Huseby's direct influence to the graphics department at Iowa State University spanned decades, from the late 1940s the early 1980s, and oversaw thousands of University publications. His publications communicated efforts on the expanding academia of the University and publicized fundraising for the expanding campus. His work towards publicizing the construction of the Iowa State Center was particularly commended.

Perhaps Huseby's most lasting and easily recognizable contribution to Iowa State University was the creation of the official University Seal in 1959. Today, the university seal, displaying two intersecting branches below the ISU motto "Science with Practice", can be seen on all official correspondence and is cast into the concrete of Hilton Coliseum.

During his tenure at Iowa State University, Huseby extended his reach beyond the publications department to assist as a founder, lecturer and curator with a new University department that would later become Iowa State University Museums. He was instrumental in inventorying the University's collection of original artistic objects, and his unique expertise made him an asset in the proper identification of $30,000 worth of University prints. His own personal collection of prints was a featured exhibition at the Brunnier Art Museum in the Scheman Building.

Huesby also served in numerous art organizations independent from his profession at Iowa State University. He was president for the Art Directors Association of Iowa and, after his time in office, remained with the organization as a board member. He was also a member of the Ames Society of the Arts, a member of Friends of the Octagon Art Center in Ames, and wrote several articles on prints for Poet and Critic magazine. Outside of the visual arts, Huseby was active in Playmakers, an Ames organization dedicated to reading theatrical plays. He held a position as the Playmakers secretary from 1955 to 1956 and then vice president from 1956 to 1957.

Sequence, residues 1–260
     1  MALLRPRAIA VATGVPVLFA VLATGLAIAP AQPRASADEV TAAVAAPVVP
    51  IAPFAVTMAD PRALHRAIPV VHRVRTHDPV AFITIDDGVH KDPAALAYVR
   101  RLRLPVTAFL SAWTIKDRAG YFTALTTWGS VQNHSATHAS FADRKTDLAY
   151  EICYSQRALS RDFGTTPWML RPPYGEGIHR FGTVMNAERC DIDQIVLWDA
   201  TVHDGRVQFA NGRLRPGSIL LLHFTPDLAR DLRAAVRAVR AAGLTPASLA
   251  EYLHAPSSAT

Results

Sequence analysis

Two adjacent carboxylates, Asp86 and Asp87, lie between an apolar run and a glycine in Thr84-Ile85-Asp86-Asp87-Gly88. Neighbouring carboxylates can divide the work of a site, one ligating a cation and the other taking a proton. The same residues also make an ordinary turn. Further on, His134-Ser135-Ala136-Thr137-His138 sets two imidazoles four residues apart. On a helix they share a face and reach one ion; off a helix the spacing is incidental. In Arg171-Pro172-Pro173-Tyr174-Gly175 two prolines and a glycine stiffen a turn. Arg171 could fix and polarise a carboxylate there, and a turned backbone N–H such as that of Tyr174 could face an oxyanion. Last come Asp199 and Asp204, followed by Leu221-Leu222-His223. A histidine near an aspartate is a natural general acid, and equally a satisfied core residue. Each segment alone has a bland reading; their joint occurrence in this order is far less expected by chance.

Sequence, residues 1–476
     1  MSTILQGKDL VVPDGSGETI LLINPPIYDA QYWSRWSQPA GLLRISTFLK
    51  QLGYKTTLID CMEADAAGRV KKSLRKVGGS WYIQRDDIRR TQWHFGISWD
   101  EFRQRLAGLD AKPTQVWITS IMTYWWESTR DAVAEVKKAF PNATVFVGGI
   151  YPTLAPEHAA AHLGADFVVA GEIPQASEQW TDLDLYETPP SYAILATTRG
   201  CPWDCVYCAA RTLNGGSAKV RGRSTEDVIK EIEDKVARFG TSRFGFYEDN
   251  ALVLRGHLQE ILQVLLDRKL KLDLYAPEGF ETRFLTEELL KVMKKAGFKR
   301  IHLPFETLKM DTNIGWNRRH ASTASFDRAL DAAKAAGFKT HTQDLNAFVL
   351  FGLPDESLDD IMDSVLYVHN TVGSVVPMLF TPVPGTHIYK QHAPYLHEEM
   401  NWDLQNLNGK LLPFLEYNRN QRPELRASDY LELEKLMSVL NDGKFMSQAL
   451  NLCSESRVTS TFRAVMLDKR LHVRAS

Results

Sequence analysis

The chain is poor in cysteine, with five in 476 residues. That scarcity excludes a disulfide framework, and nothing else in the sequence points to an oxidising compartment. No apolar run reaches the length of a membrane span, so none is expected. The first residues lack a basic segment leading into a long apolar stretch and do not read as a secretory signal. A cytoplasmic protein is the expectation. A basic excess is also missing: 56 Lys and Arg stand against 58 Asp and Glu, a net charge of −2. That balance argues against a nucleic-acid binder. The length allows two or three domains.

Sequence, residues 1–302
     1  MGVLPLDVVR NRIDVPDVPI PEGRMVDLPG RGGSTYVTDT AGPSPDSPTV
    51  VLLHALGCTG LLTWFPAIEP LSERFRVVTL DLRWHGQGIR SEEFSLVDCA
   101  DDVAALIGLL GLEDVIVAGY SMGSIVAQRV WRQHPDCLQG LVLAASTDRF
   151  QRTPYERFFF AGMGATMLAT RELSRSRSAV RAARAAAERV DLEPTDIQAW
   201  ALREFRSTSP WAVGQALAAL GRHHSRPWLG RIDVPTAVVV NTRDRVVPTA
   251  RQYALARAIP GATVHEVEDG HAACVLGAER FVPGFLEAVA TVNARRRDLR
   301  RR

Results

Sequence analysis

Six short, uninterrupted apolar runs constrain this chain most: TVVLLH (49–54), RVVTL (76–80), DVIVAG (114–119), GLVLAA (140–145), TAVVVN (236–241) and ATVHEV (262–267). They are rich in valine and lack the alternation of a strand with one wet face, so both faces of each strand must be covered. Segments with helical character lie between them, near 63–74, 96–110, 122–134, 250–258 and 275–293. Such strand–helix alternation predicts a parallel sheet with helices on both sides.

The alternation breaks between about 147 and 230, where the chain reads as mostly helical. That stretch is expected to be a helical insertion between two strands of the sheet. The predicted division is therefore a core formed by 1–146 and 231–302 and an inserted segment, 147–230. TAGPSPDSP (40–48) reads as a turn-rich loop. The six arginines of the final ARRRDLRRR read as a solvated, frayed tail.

The culmination of Huseby's work with Iowa State University, and art committees throughout Iowa, the University awarded him the Alumni Superior Service Award in the spring of 1982.

Throughout his adult life, Huseby continued with his avid collection of artistic prints and often loaned them to institutions for display, including exhibitions at the Minneapolis Art Institute, the Des Moines Art Center and the Octagon Art Center. In 1971, Huseby donated 51 expressionist prints to the Des Moines Art Center. Today, over 500 prints in the collection of the Des Moines Art Center can be connected to Huseby's collection including etchings by 17th-century printmaker Jacques Callot. Huseby served on the board of directors for the Des Moines Art Center from 1983 to 1992 following his retirement from Iowa State University.

On February 11, 1994, Huseby died of cancer at the Mary Greely Medical Center in Ames, Iowa. He is buried in Lakewood Cemetery in Minneapolis, Minnesota.

Selected Sources

Iowa State University Publications Office records - John Huseby Papers, RS 5/5/3, Iowa State University Library Special Collections and University Archives.